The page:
This is the third installment of the story of Jerry's Bone Marrow Transplant, which details my father-in-law's life saving bone marrow transplant at Johns Hopkins Cancer Center in Baltimore. Read the previous installment - Part Two: Testing Complete
Maddy and Jerry have been in Baltimore since last Sunday and are trying to settle into their apartment. The TV isn't working yet (the management are working on it), the phone land line is crackly, and spotty cell reception has made it difficult for them to be in touch. We try to talk to them at least once a day though, usually in the evenings, so we are still hearing about what's going on with them but it's brief and we just hear the highlights.
They spent last week with Chris's sister Gloria, her husband Hank, and their son Jake, going to appointments, getting instructions on how to care for Jerry, and some down time. We got a call from Jerry on Wednesday night, he was on the deck, doing a crossword and sipping a scotch. He was in a great mood and he told us that the doctor has reported that he is a hard man to kill. We like to hear that!
Jerry got a Hickman line placed on Friday and started the chemo yesterday that will suppress his immune system to prepare him for the bone marrow transplant. He'll be getting a dose of chemo every day until Wednesday. Thursday he gets radiation and Friday is the transplant. They were at the hospital for just a few hours yesterday, in the afternoon he had a nice long nap and later they went for a walk on the boardwalk. Maddy told me last night she was making Jerry hamburgers for dinner.
They are in this and committed to it, but I would be lying if I said that they didn't have a moment or two when they had second thoughts. It's going to be long haul and it's scary and they have wondered if they shouldn't just wait it out. Why not just return home and hope for the best? I think it's part of the process, to remind yourself that you don't have to do the hard stuff, but then you take a deep breath and steel yourself and get on living life, get on fighting for your life. If anyone can beat this, it's Jerry.
As for us, all the boys in this house are sick. It is typical that we have not been sick for months and two weeks before the transplant, we come down with colds. In addition to the normal runny noses and coughing, Quinn had an unusual three hour nap on Friday followed by intensely red, flushed cheeks that as of this writing have not fully gone away.
Being the internet fool that I am, I looked up flushed cheeks and have diagnosed Quinn with Scarlet Fever or Fifths Disease. I know that this is totally ridiculous and I'm sure it is just a cold, however we are more paranoid than usual and so we called the pediatrician last night and spoke to her. We will be taking Quinn in on Monday morning for an exam and blood work up. She will be able to determine if it's bacterial or viral and rule out things like strep throat. He was the first one to come down with the cold, so if there is anything unusual going on, he would be the one to show it first. We have to know what we are dealing with, so that Jerry's doctor's can make an informed decision.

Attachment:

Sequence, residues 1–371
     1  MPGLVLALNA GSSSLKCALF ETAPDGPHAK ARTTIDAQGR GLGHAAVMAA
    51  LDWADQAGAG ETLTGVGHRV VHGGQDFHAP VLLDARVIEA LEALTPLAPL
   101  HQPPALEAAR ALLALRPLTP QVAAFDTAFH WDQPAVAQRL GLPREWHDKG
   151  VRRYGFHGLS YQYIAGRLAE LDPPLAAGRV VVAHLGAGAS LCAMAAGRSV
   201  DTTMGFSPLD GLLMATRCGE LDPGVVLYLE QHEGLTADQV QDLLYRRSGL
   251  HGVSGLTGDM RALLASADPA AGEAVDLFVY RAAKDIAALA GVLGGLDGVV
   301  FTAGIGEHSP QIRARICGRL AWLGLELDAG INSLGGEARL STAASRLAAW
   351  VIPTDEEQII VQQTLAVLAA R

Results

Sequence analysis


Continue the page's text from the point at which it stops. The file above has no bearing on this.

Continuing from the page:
Chris is worried that his cold will delay the transplant, but I told him that we have no control over these things, we must just take it as it comes and if they need to bump things a day or two for him to get better, then that is what they will do. In the meantime we are pounding Vitamin C and Cold Eeze and trying to stay rested and hydrated. I'm not sending Milo to school on Monday or Tuesday to make sure nothing else comes our way.
Hopefully we are dealing with just a simple cold and by the time we get to Baltimore, everyone is healthy again. Jerry's immune system will be compromised so we have to be very careful not to expose him to any colds or runny noses. With that in mind, when Chris's sister comes down they will be getting their own apartment too, so that Jerry can stay isolated.
The other thing that we were concerned about was that the doctors asked if either of the kids had received a live virus vaccine recently. Well, as a matter of fact, that MMR vaccine that I have been delaying FOREVER, Quinn just got last month! How convenient. We were told that there is no risk of infection as long as it's been 10 days since the vaccine. It was well over a month ago, so we should be fine. Still, I had to shake my head at the chances of that and wonder why I wasn't thinking about it when we got the MMR. Sometimes it's hard to know everything.
We are leaving on Wednesday for Baltimore. Packing for the trip will commence any minute now. Maybe tomorrow? We are staying in an apartment, so we have to pack all kinds of things we wouldn't normally bring. Groceries, step stool for Quinn, sleeping bags and blow-up beds, a box of toys and our Keurig coffee pot (because that's how much we love it.) Our car will be packed sky high, but at least we are past the baby days and don't have to bring all the gear that we used to have to bring. I do have to remember swim suits, there is a pool in the building, and I think I should pack shorts and sandals in case it gets really warm.
The dogs are off to a women who watches dogs in her home. They are basically going on vacation. The last time they were there, Batman met a girl wiener dog and made Robin very jealous. It was the thrill of his little dog life.
I will try to post again on Thursday after we get a full report from Maddy and Jerry and have a meeting with the doctors. Thanks again for all your well wishes, I can't tell you how much it helps us to know how many people are rooting for us and thinking of us. All of our friends and family are the foundation on which we stand.
Read the next installment - Part Four: Guatemalan Worry Dolls